One year ago, today I received an email with the subject line of a simple “!”. I received a Minerva Fellow placement and if I chose to accept, I would be heading to rural Uganda for nine months. I will admit, I was overwhelmed. An exclamation point was exactly how I was feeling, along with a few question marks and a comma. Now what? What does this mean? Am I capable of doing this?
Anyone that knows me is likely aware that I tend to err on the side of caution (thanks, anxiety). For as long as I can remember, I feared the unknown. Little things, such as driving to a new office for an appointment with the doctor nearly put me over the edge. How would I possibly be capable of managing nine months on a different continent, in a foreign culture?
Despite these fears, the Minerva Fellowship had been on my radar for years before applying. In the spring term of my freshman year at Union, I heard returning Engeye Minerva Fellows, Joe and Charlotte, speak about their experiences. I thought, “what an incredible opportunity for recent graduates, I give them a lot of credit”, never thinking that I would be in their position four years later. As I began my senior year at Union, I had no idea what I wanted for myself after graduation. In September I took the LSAT, in July I took the GRE. I applied to jobs, considered graduate school, and felt overwhelmed by the prospect of not having a plan after graduation.
Still unsure of my ability to succeed at the Minerva Fellowship, I made a commitment to myself my freshman year that I would apply when the time came. So I did. The application process was an incredibly introspective experience. If I were to tailor my application toward what I thought the selection committee wanted, I would be setting myself up for failure. I was open about my fears, how I have never experienced life as a visible minority, how I had never traveled to a developing country, battled anxiety since I was 14, and was not entirely sure of myself a majority of the time. My interview was raw – I didn’t leave the room feeling confident in my performance. I did promise the committee two things: if selected, I would try my absolute hardest for Union, for Engeye, and for myself, and I would face adversity with as much grace as possible.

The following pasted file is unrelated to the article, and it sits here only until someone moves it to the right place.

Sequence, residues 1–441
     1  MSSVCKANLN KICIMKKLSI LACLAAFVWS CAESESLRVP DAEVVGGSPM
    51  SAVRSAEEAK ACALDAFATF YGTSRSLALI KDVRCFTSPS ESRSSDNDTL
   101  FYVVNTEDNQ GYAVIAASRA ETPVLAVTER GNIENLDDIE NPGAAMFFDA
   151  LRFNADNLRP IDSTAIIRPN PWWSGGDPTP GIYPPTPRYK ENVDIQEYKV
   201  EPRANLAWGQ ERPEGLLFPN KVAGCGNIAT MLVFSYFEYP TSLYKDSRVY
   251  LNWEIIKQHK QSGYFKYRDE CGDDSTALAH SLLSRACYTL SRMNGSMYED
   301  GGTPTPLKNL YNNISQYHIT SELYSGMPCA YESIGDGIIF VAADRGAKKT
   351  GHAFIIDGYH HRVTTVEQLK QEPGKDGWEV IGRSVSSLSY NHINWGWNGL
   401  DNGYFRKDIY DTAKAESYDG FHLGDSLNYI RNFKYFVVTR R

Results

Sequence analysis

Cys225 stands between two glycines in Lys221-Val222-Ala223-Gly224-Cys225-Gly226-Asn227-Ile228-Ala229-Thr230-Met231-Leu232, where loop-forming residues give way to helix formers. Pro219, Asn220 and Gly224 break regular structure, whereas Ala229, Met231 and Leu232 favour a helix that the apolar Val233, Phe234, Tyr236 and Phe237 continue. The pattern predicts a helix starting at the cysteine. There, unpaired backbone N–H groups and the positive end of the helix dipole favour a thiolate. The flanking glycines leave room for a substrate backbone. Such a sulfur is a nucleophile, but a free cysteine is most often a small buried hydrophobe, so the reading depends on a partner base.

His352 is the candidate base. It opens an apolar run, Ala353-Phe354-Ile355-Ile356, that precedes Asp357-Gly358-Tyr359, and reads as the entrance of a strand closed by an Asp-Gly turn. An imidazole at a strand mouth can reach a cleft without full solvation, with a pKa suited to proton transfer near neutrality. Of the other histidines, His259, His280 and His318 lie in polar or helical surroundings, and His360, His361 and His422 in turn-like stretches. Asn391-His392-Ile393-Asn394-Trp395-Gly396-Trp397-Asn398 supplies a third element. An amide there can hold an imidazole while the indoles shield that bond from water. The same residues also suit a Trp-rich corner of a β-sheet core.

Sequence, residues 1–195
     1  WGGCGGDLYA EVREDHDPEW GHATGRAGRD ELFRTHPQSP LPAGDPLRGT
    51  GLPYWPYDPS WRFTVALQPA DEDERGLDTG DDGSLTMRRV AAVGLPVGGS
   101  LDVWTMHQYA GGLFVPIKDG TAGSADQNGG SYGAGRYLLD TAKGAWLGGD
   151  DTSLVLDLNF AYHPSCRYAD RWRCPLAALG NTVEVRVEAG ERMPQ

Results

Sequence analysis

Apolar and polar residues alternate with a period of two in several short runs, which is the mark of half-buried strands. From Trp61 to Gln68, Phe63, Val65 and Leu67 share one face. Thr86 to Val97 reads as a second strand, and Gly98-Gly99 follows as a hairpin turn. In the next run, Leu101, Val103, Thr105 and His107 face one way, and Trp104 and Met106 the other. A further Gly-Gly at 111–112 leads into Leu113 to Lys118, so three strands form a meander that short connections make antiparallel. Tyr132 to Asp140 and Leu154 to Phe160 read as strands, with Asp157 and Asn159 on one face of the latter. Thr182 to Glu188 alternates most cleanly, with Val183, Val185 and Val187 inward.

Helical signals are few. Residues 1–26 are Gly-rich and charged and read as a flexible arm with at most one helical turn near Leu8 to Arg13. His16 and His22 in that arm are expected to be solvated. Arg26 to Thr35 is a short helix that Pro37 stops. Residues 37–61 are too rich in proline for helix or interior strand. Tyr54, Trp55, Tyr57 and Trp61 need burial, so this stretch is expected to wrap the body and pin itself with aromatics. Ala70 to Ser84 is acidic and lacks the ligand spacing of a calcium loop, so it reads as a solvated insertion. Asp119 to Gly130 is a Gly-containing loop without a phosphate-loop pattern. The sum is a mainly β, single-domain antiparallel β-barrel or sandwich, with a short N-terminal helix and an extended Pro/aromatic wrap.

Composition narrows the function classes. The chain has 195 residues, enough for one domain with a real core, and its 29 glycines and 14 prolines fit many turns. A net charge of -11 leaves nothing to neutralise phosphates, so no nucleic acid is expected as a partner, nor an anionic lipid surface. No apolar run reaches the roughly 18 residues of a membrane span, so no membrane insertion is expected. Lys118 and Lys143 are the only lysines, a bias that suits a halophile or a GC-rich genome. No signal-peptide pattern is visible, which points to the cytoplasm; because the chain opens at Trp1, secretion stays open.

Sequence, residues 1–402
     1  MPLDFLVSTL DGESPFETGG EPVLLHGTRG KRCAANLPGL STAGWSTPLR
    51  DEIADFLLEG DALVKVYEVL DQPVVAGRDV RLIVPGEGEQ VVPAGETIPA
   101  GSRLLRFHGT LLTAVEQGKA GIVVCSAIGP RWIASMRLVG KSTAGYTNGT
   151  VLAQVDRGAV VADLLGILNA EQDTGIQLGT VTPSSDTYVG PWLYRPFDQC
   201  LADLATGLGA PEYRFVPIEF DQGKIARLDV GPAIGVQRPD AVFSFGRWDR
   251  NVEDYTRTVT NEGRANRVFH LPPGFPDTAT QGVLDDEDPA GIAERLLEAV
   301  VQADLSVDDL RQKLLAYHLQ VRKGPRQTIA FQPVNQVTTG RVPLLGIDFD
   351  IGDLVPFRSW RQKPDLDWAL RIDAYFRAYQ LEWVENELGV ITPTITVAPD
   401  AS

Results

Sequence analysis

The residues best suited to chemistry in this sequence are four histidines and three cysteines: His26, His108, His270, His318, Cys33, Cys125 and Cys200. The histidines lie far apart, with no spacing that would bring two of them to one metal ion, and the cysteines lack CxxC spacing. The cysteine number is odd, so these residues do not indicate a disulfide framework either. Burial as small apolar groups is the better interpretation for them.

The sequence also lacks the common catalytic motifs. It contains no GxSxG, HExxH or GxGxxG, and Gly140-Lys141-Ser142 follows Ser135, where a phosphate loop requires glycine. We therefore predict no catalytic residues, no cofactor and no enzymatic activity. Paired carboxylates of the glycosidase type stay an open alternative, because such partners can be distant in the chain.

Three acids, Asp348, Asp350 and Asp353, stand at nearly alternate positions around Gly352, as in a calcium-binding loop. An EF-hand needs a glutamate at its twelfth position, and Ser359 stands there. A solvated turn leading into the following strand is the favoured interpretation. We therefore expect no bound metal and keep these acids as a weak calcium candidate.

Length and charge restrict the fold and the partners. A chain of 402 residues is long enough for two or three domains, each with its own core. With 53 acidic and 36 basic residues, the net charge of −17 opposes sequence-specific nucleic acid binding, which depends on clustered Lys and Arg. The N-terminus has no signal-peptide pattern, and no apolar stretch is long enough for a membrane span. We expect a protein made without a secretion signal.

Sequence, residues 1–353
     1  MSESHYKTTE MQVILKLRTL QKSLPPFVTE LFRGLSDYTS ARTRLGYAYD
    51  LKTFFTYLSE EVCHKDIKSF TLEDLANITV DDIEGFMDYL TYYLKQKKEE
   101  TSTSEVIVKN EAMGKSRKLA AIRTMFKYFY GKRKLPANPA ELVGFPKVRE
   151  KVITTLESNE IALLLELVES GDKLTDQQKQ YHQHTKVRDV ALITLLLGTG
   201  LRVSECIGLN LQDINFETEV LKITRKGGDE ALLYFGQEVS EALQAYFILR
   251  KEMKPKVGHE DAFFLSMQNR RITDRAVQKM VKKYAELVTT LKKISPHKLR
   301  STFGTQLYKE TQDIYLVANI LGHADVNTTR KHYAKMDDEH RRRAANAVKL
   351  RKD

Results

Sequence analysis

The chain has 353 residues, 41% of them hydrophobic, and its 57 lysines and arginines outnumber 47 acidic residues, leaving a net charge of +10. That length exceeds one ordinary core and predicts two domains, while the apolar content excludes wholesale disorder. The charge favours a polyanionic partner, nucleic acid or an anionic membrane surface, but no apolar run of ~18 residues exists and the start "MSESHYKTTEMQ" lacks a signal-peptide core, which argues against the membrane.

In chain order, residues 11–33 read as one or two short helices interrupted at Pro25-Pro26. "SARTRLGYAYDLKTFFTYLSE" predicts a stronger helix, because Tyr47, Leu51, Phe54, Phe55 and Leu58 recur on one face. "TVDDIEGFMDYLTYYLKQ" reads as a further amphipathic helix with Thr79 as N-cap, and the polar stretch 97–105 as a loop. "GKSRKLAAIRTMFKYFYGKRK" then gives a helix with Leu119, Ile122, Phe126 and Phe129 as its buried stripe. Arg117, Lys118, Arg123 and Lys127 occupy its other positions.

Before leaving for Uganda in July, I asked Matt and Nick, my predecessors, far more questions than they likely wanted to answer. I was worried about things I had no control over and seriously reconsidered the fellowship altogether. I have no idea as to what triggered my drastic change in outlook, but after graduation I was feeling good about moving.
Stepping onto the tarmac at Entebbe International Airport is a feeling that I don’t know I will ever be able to adequately articulate: exhilarating, fearful, countless other adjectives. I was delusional from exhaustion and emotionally drained from leaving everything I have ever known. Upon arriving at Engeye, the first thing I was told was, “you are welcome to the Engeye family.” And a family it is.
I am very proud to say that I felt like I thrived in Uganda. My anxiety dissipated, I learned to live in the moment, and adopted the slow pace of life. I learned that I can be incredibly happy with very little and that your company and your environment are what truly dictate fulfillment.
I did have quite a few bumps in the road. I navigated gender dynamics, living as a solo-female fellow while still maintaining independence – learning a few lessons about what I could and couldn’t do on my own. There were challenging personal situations that arose for my Ugandan sisters, and I tried to support them to the best of my ability. Come December, I was incredibly tired of rice and beans, went on a two-week rice protest (which was rather dumb on my part considering it left me with just beans), and dealt with my fair share of digestive issues. I was sick of cold showers and straining my back over a basin for four hours to wash my clothes. Sure, these were bumps in the road, but the road still led me to where I am now. Without adversity and a bit of discomfort, we don’t grow.
Undoubtedly, the most difficult time for me was March. Looking forward to hosting a third and final medical team at the end of the month, wrapping up projects, and spending time with the people I love, I had quite a few plans for my final six weeks. Now, I am home, one month earlier than anticipated and two weeks earlier than my revised return date. The medical team was forced to cancel their trip and I was given less than a 48-hour notice prior to leaving.
I cried, a lot. I put all work and projects aside, and during my last two days, I spent time with as many of my friends for as long as I could. I crashed my own surprise party, felt like a princess when Susan gave me a dress she made (in one day), and struggled to say goodbye. But it isn’t goodbye, it’s see you someday. Engeye is now and forever a part of my identity. I will be back, again and again, and will continue to work on my projects. I will stay in touch with my friends, the Scholars, and kiddos, and strive to maintain my connections with Ddegeya.
While my chapter as a Minerva Fellow at Engeye has abruptly closed, the page has turned for my new chapter as an Engeye volunteer. For a long while, I will struggle to adapt to life in America. I will struggle to tell stories of my experiences, not because I don’t want to, but because a thirty second sound byte is incapable of giving my experiences justice. To the Engeye staff and Eddie, you mean more to me than you will ever know. You are my family. I will see you again soon.
“It’s those who have persevered the thorns on a palm tree that feast on its fruits” – John Kalule